November 30, 2006 7:10 PM  

Blogger dave (",) said...

In Naga, the tailors can still compete with RTWs, especially when it comes to uniforms. I remember one, Marantz, whose specialty are pants. Their products can last for years!

November 30, 2006 10:40 PM  

Blogger Senor Enrique said...

The material I got for my barong, Toe, is really exquisite. There are embroideries on the sleeves as well. Even the tailor was impressed. Now that I have it there seems to be no place to go ... hehehe. But if ever I need another one, if okay with you, I will ask for your Lumban tailor's name and number.

Welcome back, Neil!!! I trust all is all right with you now :)

When you do come back, ask Toe for her Lumban tailor and get your barong there. You have got to have one so when you attend a formal event in Madrid during the summer, you'd look dashing in a barong!

BTW, i'll put together a group of photos for you to create a collage for your site feature, ok?

November 30, 2006 11:24 PM  

Blogger Senor Enrique said...

Seems like you have gotten used to RTW, Carla :) They are fine; actually, if you know how to shop, those can cost you a lot less than having something custom-made.

Thanks, Ferz ... those are well worn and had seen better days ... hahaha! But sometimes the older they get, the more comfortable they seem to feel. But get a custom-made shirt for Christmas!

Hey! Congrats for winning another award for your blog site design!

November 30, 2006 11:28 PM  

Blogger Senor Enrique said...

The rain has started as I'm doing this, Joel. Hopefully it wouldn't be as disastrous as Milenyo (lost my phone service for more than two months).

Yup ... once you're used to the fit of custom-tailored clothing, it would feel strange wearing those off the rack items. Thanks!

Better you go and visit your lolo, Basey! Nakakatuwa naman ang gawa ng lolo mo. Siguro gustong-gusto nya ang pagsukat at gawa ng kanyang sastre.

November 30, 2006 11:34 PM  

Blogger Senor Enrique said...

That was a shame, Niceheart, that thriving local industries can suddenly go through a twist of fate due to some new trend. But even as a teenager, I enjoyed going to the tailor with a marked page of a music magazine in which a favorite rock star's trousers or shirt I just got to have :) Those were the days!

Kaya bago dumating itong pasko, Iskoo, patahi ka kahit isang shirt lang. Para sa ganoon ay maikalat natin ang "spirit" ng Christmas :)

Pero dapat maiuso uli ang pagpa-sadya ng damit!

November 30, 2006 11:42 PM  

Blogger Senor Enrique said...

Korek ka dyan, Sheilamarie! Nakakatuwa nga mamili ng tela at tapos maghintay na mayariang isang damit na pinatahi. Sa Amerika nga, eh, mga mayayaman lang at NBA players ang nakaka-afford ng mga custom-made clothing. Samantalang dito sa Pinas, di nila pinapansin ang pasadya :(

That's really good to know, Dave, that there are still places in our country in which our tailoring industry still thrives; glad to hear that!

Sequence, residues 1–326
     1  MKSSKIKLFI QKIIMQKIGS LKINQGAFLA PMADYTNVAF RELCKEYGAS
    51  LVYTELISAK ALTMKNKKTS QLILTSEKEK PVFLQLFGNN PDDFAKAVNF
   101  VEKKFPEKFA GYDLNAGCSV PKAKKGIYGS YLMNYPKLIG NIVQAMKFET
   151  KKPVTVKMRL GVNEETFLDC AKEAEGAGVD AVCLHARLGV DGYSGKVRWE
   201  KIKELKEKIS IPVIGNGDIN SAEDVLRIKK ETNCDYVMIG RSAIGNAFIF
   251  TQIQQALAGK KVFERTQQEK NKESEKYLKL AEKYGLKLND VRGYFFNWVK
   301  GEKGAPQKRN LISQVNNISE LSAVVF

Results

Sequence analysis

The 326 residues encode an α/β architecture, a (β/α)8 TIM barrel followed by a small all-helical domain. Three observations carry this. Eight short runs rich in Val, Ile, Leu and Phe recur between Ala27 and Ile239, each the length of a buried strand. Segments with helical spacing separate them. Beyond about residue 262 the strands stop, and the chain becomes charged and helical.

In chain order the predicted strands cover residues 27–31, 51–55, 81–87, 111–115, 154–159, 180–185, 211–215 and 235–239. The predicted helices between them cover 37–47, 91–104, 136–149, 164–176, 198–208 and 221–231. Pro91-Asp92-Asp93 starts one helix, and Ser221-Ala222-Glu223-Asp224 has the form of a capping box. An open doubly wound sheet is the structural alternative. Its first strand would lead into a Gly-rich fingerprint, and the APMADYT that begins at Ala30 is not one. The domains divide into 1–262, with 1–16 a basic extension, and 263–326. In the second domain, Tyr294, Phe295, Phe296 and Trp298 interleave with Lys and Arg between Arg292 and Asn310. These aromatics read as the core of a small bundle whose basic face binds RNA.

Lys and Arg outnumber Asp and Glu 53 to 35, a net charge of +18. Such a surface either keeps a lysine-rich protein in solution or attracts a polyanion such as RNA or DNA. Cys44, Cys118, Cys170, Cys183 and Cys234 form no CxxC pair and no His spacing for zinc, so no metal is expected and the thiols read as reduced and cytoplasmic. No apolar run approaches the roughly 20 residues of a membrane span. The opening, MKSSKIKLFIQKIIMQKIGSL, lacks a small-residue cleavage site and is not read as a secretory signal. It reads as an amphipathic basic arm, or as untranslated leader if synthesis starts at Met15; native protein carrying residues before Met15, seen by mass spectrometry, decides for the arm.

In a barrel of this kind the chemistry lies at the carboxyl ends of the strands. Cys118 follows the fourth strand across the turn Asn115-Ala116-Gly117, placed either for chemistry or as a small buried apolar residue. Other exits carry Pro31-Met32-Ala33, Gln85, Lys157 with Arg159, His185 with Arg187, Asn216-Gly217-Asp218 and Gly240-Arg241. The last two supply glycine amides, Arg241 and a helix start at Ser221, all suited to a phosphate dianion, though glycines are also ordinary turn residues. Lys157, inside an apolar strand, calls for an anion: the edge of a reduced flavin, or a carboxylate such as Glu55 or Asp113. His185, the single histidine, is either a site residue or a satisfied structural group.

Although I realize that one can easily go to 168 Mall in Divisoria and pay much less for knocked-off designer shirts or pants, but with custom tailoring, you know at least the people behind those items that created them for you.

November 30, 2006 11:49 PM  

Anonymous rhoda said...

Eric, alam mo, lagi kong binabalik-balikan ang post mong ito, kasi, parang something is wrong in the picture. Ngayon, naisip ko na kung ano - it's the way you hung the shirts. Were these shirts being sunned on the reverse side? Dapat, nakabaliktad yung mga damit, para hindi madaling kumupas sa constant exposure sa sun. See - I've learned a lot! hehehe.

January 29, 2007 8:49 AM  

Blogger Senor Enrique said...

I hang dry them inside put, Rhoda :) Maalibukan din kasi kung hindi.

January 29, 2007 8:53 AM  

Anonymous Anonymous said...

I enjoyed reading your blog entry about getting tailor-made clothes in Manila. I am a Canadian living history buff about to enter RP for a week before and after a family visit. I am pulling my hair out trying to figure out how to make a short-list of potential seamstresses/tailors to get some costumes made - authentic hand-sewn seventeenth century Anglo garments for men. Naturally, I tried the National Museum but all of their emails are out of order and when I try searching various bulletin boards I can find no one advertising for things like "I create authentic 16th century Spanish colonial costumes for film industry" or some such. Any ideas?


February 12, 2010 3:50 PM  

Anonymous Anonymous said...


November 07, 2010 2:17 PM  

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Life in Manila as observed by a former New Yorker who with a laptop and camera has reinvented himself as a storyteller. Winner of the PHILIPPINE BLOG AWARDS: Best Photo Blog in 2007 and three Best Single Post awards in 2008.